The 5,000-mile-plus voyages to Southeast Asia could last anywhere from 18 to 21 days, usually with a stop at Okinawa just days from Vietnam. Seasickness greeted many of the soldiers and Marines during the voyages. Many became sick soon after boarding and a diet of crackers became the sustenance for many during the entire trip.
The air temperature became progressively hotter as the Walker passed the International Dateline and neared Vietnam. The often crowded, foul-smelling troop compartments became more uncomfortable as temperatures rose. Some men opted to sleep outside on the main deck; some even hid themselves in the lifeboats. Such accommodations were against regulations.
Time passed slowly. Men played cards, read or "shot the bull". Sometimes classes on tactics were held. Physical training was attempted, but often the ship’s rolling and dipping in heavy seas prevented that physical activity.
Other soldiers stood at the railing around the ship and stared at the ocean, lost in thoughts of family, civilian life and what was to come. They were mostly silent when “riding the rail,” engrossed in personal thoughts.
There were lines everywhere. For those who weren’t seasick, it could be a wait of hours before reaching the troop galley, where the meals were served by fellow soldiers on “mess” detail. When one finally received his food, it seemed it was almost time to get on line again for the next meal.
Musical instruments could be checked out from the ship’s special services' officer, and jam sessions took place on the main deck or recreation rooms. Some troops even brought personal musical instruments with them.
A ship’s brig was positioned in the Walker’s bow, on the third deck just behind the chain locker. It contained metal bunks, latrine and mirrors of polished aluminum instead of glass. It was a particularly uncomfortable location to be quartered if the ship encountered a storm and was subjected to violent dips into huge ocean waves.
Chaplains assigned to the Walker or military units were available to counsel troops whenever necessary. As the ship got closer to Vietnam, they became busier. They would also visit men who may have committed an offense that resulted in confinement in the brig. Religious services for all denominations were also conducted regularly.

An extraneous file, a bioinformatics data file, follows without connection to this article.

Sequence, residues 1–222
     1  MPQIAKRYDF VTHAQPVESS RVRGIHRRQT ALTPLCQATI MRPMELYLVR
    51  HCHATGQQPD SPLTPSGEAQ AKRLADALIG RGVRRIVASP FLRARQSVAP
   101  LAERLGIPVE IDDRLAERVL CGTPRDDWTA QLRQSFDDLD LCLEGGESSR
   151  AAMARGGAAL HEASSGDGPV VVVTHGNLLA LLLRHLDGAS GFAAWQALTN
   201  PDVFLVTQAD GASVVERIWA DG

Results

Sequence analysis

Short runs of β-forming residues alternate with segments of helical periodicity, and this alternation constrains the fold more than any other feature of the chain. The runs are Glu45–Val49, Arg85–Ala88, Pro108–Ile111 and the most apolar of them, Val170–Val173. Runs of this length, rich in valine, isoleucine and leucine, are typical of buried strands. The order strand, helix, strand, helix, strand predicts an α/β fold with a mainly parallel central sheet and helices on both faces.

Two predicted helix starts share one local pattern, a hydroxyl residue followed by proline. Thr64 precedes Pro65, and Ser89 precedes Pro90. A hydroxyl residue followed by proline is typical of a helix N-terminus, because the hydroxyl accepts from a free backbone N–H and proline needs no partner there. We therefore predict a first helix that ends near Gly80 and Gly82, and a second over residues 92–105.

When the ship reached Okinawa for refueling and resupply, the troops were usually allowed a short “liberty,” enabling them a final visit to a military-sanctioned recreation facility, where they could purchase a hamburger and a cup of beer within a military-controlled area. Many men opted to instead visit Naha, the Okinawa city where numerous bars featured blaring music and mini-skirted women encouraging the GI’s to visit. Comrades made sure the soldiers made it back to the ship. Many could not remember how or when they did return.
As the Walker neared the Vietnamese coast, men in the troop compartments listened to portable radios and sometimes heard chilling commentary from North Vietnamese propagandist “Hanoi Hannah.” They sometimes could even see and hear unsettling explosions along the increasingly visible coastline.
Just days later the Walker was in Da Nang Harbor, disembarking troops there before moving to other Vietnamese ports to discharge the remaining men.
In country now, soldiers would spend 12 months on Vietnam soil; Marines, 13 months. However, each day on the ship during the voyage counted as a day of in-country service. The discomfort encountered during the voyage was at least softened by this allowance.
Marking Time: Voyage to Vietnam is currently at Palm Springs Air Museum, Palm Springs California. It will be there November 1, 2015 through May 31, 2016,
Part of the Marking Tiime: Voyage to Vienam exhibit will be travelling to New York City whre it will be part of the New York Historical Society"s major Vietnam exhibit openning in 2017.